Last week, I returned from a brief trip to Port-au-Prince. We performed an advanced situational analysis for a research project re: Abuse and Violence against women and girls in the tent camps following the January 2010 earthquake. My colleague and companion was Dr. Gloria Callwood, professor at the University of the Virgin Islands SON and P.I. of the NIH-funded project.
Our goal was to assess conditions in Port-au-Prince with respect to our project and anticipated activities, and to consult with key people in the Haitian government and some of the principle non-government organizations that could shed some light on our project topic and operations.
The trip went well in terms of our goals and objectives. We met with people from morning until night for two and a half days, traveling many miles up and down the dusty, hilly roads that make up Port-au-Prince. We learned good things and difficult things, but all of it will be important as we proceed with the next steps of planning focus groups and data collection.
We ironed out – or tried to iron out – a myriad of logistical issues, such as housing, payment of local staff, internet and electricity, office space, etc. These are all major challenges that will need to be resolved before the research can get underway.
For me, it was trip of mixed feelings. On the one hand, it was discouraging to see so little evidence of rebuilding in the city. Everywhere we went, there were tent camps for thousands of people, and the once-bright tents are now rather shabby looking and worn. There is trash everywhere and our driver had to negotiate the rutted streets that often had piles of rubble still from the earthquake. It has been over a year since the earthquake; one would hope for more obvious progress.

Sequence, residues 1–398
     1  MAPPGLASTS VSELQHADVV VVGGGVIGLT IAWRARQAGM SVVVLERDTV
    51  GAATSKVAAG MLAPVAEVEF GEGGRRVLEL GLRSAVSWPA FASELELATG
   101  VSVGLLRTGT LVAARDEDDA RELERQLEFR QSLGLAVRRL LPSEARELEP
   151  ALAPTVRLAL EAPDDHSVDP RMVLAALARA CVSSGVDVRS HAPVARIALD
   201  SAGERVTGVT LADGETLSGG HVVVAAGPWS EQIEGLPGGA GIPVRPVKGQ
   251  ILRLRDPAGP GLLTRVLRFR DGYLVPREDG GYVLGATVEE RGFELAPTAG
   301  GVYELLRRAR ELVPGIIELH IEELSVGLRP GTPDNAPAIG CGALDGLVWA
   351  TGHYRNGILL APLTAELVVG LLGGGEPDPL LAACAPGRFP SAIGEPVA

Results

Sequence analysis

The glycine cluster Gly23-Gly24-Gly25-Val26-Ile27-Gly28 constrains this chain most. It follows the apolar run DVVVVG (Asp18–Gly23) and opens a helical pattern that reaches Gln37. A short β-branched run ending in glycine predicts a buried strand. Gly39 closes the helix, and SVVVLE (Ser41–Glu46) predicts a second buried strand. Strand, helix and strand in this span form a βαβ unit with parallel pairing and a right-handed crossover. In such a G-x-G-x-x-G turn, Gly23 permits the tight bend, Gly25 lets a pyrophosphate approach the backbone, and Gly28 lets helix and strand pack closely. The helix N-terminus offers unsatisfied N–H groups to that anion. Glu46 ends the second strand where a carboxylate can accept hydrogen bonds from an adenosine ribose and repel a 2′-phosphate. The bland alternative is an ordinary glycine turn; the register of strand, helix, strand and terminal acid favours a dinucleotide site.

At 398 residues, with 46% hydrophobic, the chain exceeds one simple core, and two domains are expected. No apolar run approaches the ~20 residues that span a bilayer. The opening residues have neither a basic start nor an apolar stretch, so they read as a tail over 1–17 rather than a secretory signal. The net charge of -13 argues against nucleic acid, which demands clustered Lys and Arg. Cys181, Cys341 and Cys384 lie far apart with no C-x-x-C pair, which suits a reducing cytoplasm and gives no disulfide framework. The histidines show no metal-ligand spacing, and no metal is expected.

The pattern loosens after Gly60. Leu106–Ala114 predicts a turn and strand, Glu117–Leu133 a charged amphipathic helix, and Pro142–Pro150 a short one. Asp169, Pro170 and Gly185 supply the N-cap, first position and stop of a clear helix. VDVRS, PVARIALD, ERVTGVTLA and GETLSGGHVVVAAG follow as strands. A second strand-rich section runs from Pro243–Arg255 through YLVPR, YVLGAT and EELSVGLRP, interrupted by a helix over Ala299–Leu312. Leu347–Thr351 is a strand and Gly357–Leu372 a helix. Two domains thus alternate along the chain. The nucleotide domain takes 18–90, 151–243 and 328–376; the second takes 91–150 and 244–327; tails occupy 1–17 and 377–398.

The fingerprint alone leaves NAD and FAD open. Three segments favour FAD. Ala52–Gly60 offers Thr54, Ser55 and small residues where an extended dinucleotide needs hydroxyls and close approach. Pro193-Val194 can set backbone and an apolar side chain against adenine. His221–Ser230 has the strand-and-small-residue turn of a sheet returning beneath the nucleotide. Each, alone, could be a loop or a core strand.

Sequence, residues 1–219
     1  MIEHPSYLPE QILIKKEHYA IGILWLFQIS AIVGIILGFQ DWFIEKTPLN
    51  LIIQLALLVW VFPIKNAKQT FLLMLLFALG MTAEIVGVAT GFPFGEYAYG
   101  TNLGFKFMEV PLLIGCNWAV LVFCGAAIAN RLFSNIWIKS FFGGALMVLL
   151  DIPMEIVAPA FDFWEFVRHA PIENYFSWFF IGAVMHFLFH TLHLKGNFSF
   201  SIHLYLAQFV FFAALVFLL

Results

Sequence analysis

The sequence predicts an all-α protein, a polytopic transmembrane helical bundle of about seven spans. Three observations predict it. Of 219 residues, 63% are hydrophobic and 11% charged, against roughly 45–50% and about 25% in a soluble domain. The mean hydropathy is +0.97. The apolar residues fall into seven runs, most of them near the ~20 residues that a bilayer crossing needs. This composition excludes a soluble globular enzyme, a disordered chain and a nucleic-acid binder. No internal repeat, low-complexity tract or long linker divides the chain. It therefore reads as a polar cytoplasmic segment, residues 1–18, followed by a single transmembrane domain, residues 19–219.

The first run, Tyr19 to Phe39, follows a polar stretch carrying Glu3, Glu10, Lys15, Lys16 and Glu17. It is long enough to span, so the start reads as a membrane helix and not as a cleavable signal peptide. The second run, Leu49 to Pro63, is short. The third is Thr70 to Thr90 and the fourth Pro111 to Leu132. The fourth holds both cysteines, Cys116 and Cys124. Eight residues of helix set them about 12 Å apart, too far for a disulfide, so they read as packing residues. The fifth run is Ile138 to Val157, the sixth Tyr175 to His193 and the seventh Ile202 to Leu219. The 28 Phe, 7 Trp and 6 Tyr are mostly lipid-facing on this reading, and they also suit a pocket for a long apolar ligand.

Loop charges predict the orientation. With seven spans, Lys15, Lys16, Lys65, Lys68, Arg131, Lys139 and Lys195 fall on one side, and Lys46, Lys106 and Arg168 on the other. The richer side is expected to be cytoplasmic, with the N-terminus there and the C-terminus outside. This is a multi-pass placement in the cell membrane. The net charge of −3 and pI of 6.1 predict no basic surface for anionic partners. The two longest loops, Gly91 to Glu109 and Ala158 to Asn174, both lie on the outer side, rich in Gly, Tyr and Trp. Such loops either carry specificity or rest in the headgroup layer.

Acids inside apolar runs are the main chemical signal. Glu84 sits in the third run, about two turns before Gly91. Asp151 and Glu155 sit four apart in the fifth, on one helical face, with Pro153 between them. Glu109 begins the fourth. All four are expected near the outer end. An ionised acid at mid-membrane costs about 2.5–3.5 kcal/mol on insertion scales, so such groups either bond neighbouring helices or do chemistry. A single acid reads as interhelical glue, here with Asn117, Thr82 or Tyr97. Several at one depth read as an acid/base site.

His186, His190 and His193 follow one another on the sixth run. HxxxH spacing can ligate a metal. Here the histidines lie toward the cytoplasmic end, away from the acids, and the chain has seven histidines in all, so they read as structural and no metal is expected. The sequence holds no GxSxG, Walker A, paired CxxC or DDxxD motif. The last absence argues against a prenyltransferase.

At the same time, the city is bustling with activity—children walking to school, adults selling their wares along the streets, taptaps overfilled with people. In those ways, life goes on and people are living—though the standards of living remain horribly poor.
One of the most heartening moments was when we visited the nursing school on the grounds of the general hospital. This was the hospital I worked in as a relief worker, in January and February of 2010, and during those weeks, witnessed the collapsed nursing school where a class of students and their teacher were crushed to death.
Today, the rubble of the old school has been removed, and 4 UNICEF tents are filled with students, staff, supplies, and everything else. The nursing school, like so many other organizations and businesses, is operating out of the big tents. The students are working very hard. Mrs. Nazaire, the director of the nursing school, told us that they reorganized the students’ schedule so that they are in school or clinical practice 6 days per week, with no vacations, so that they can finish school ASAP. There is such a need for nurses and they lost months of school following the earthquake. She took me around to each of the classes, introduced me as a nursing professor from the United States, and told them that I worked in their hospital after the earthquake in pediatrics and the ER. They were very smiley and happy to have their picture taken.
Reminders of the cholera epidemic were everywhere. There were posters in the airport, visible as we waited at Passport Control. Billboards about cholera prevention were evident along roadways.
Next week, our own PHN students will head for Haiti, this time to Jeremie, in the southwest corner of the country. Instead of the dusty, fume-filled air of Port-au-Prince, I’m hoping we will enjoy the lovely views of the sea and surrounding countryside. All areas of Haiti have been affected by the cholera epidemic, however, and our students will be bringing their cholera prevention education lesson for Jeremie communities and some rural villages.